Parents of highly sensitive or deeply feeling kids might notice their little one is anxious, clingy, or upset when bedtime is rushed. If your child can sense that you need them to go to sleep, or you’re frustrated with them at bedtime, it can amplify their anxiety.

For strong-willed kids, separation anxiety can be related to a deep sense of injustice; if they sense they’re not being seen, heard, or considered at bedtime, they might push back as an expression of this anxiety.

Whether your child is clinging to you desperately or angrily pushing you away, their behaviour is telling you that separation feels really hard. When we tune in and get curious about their behaviour, you can see that your child isn’t trying to make bedtime difficult. It truly IS difficult for them.

Now, take a deep breath.

This doesn’t mean that the only solution to your sleep struggles is co-sleeping or staying with your child until they fall asleep every night. Instead, when we understand separation is a struggle, we can focus on creating ways to help our child feel close to us even when we aren’t right there.

Related Post: Why Won’t My Child Let Me Leave at Bedtime? Here Are 3 Common Reasons.

Reason 4: Your Child Needs Movement Before Bed

Every child has a unique set of sensory needs, meaning that in order to stay calm, they should seek or avoid certain activities. Understanding if a child is a sensory-seeker or sensory-avoider can help caregivers adjust the bedtime routine or sleep space to promote better sleep, and make bedtime easier.

Sensory-seeking Children

Sensory-seeking kids are typically very active. If they haven’t had enough sensory input during the day, like running around outside, they may find it hard to settle at night. If your child is struggling with sleep and you suspect they are a sensory-seeker, incorporate movement into the bedtime routine or before bedtime to help them get these needs met.

This could look like:

  • Jumping on a trampoline
  • Rough and tumble play
  • Twirling, cartwheels, or somersaults

Sensory-avoiding Children

If your child is a sensory avoider, you may notice that they are particular about their sleep environment and bedtime routine. These kids are often overstimulated by loud noises, rough textures, strong smells, and bright lights. If the bedtime routine is rushed or inconsistent, you might notice more protesting and tears at bedtime. These kids might need more time to wind down in the evenings. Keeping the bedtime routine calm and consistent can help promote better sleep.

NOTE: It’s possible for a child to be a mixture of both sensory-seeking and sensory-avoiding. In fact, it’s pretty common. For example, they may enjoy (or need) rough and tumble play before bed, but bright lights and loud noises would be overstimulating.

Related Post: How Your Child’s Sensory Needs Affect Their Bedtime Routine

Reason 5: Your Child Is Experiencing Something New

Kids thrive in predictable environments, especially when it comes to sleep. If your little one is having a hard time going to bed, it can help to consider if there have been any major life changes, situations, or transitions.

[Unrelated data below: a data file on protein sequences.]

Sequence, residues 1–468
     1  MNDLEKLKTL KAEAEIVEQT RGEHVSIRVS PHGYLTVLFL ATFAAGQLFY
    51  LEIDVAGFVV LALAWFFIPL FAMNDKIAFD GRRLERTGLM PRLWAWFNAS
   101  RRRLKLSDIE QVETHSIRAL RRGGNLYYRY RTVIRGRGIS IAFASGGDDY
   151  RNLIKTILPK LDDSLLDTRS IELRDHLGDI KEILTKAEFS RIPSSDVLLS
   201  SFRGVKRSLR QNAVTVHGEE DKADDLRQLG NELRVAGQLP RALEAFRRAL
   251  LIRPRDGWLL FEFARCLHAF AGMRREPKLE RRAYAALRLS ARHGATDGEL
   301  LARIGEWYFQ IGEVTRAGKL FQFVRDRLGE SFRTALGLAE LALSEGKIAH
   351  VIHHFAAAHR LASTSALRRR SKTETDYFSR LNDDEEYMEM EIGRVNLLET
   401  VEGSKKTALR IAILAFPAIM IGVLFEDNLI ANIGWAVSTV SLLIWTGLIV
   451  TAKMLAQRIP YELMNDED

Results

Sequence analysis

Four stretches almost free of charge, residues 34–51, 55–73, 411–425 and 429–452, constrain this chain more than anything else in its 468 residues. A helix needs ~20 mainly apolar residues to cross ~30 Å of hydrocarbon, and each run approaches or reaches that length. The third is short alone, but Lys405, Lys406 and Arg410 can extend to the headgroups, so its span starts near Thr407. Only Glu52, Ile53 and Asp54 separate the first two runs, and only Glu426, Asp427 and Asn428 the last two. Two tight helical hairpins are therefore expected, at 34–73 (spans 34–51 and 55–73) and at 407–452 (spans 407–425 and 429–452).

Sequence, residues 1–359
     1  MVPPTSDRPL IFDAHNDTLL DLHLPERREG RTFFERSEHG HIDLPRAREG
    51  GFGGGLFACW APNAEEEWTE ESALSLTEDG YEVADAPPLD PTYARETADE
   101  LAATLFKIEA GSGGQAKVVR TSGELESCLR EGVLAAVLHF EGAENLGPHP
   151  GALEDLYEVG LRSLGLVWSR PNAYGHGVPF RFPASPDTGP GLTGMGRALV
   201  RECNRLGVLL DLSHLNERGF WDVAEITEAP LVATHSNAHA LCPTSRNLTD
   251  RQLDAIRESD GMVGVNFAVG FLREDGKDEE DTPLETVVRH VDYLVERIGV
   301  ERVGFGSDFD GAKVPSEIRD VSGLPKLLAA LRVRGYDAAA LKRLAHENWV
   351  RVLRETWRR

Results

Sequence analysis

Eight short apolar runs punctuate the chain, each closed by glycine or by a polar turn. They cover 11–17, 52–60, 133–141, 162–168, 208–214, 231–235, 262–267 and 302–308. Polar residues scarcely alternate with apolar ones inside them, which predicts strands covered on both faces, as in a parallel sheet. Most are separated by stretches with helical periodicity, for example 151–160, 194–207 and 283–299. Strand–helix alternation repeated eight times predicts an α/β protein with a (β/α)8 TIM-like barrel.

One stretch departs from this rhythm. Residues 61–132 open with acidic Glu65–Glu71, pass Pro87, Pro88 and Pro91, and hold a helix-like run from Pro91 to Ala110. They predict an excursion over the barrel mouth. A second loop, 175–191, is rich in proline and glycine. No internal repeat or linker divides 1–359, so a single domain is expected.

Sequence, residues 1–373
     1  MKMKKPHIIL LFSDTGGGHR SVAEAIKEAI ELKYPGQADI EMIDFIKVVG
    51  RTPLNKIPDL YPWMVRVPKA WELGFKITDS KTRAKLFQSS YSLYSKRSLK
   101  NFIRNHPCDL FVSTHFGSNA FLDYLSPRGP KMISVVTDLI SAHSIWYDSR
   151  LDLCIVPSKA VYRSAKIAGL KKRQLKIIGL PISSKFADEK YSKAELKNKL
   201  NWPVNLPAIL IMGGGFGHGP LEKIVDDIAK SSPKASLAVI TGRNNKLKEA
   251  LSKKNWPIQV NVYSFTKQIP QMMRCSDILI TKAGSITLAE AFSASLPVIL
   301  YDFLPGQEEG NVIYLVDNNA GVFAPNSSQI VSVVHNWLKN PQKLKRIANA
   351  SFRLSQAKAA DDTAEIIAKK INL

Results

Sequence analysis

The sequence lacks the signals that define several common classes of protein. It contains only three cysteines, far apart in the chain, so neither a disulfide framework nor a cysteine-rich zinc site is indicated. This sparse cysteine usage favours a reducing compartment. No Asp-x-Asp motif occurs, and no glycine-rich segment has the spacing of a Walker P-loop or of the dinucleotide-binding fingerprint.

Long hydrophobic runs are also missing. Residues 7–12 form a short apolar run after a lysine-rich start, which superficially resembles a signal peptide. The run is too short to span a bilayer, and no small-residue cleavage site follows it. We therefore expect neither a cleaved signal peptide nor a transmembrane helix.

Here are a few questions to consider:

  • Has my child moved to a new home, room, or bed?
  • Have there been any recent additions to the family?
  • Has my child started a new school or daycare?
  • Has my child lost a friend, pet, or family member?
  • Could my child have seen something disturbing on TV or YouTube?

These are just a few questions to ask yourself if your little one struggles with sleep. These situational changes can turn a child’s world upside down, so it makes sense that they would also impact sleep.

If you suspect that your little one’s sleep struggles are the product of their situation, maintain as much consistency as possible to support them through this transition. Consistency is a huge component of sleep success. Consider creating bedtime rituals and adding comfort items to their sleep environment.

Related Post: 3 Life Situations that Make Sleep Tricky for Kids

A New Perspective on Sleep Struggles

Sleep pressure, nighttime fears, separation anxiety, sensory input and situations/transitions can make bedtime hard for kids. When we view these struggles from our child’s perspective, it can shift the way we see our little ones. They’re not trying to be bad or manipulative, and getting curious about their struggles can move us from frustration to compassion.

If you’re struggling at bedtime and want resources to expand your parenting toolbox, we have the perfect course for you. The Solving Bedtime Battles course will help you determine the amount of sleep pressure your child needs, confidently respond to big feelings or pushback at bedtime, and create a connected bedtime routine to support separation anxiety.

Grab the course today!

Key Takeaways

  1. Understanding the reasons behind common bedtime struggles is the first step to getting better sleep.
  2. Too much or too little daytime sleep can make bedtime difficult for children.
  3. A growing imagination or adjusting to stressful life changes can make children feel scared at bedtime.
  4. Separation plays a big role in bedtime struggles, and creating ways to help children feel connected with you can help to alleviate their worries.
  5. Sensory needs (either more activities or less) can impact a child’s ability to settle at night.
  6. Maintaining consistency and creating comforting bedtime routines can help during stressful life situations or changes.
  7. Viewing bedtime struggles from your child’s perspective can help you feel more compassion toward them and get them to sleep quicker.

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    Article By

    Shannon Wassenaar
    Shannon is a Registered Psychotherapist, Content Specialist, and Highly Sensitive Parent with a passion for understanding, and promoting human relationships. Shannon holds a Bachelors degree in Psychology, and a Masters degree in Psychotherapy. She began her professional career as a trauma therapist, and continues to support families from a trauma-informed perspective. Shannon uses her knowledge and experience to create educational content for parents, and treatment plans to help families flourish. In her spare time she enjoys taking long walks, playing recreational sports, and sipping a hot latte at a local cafe.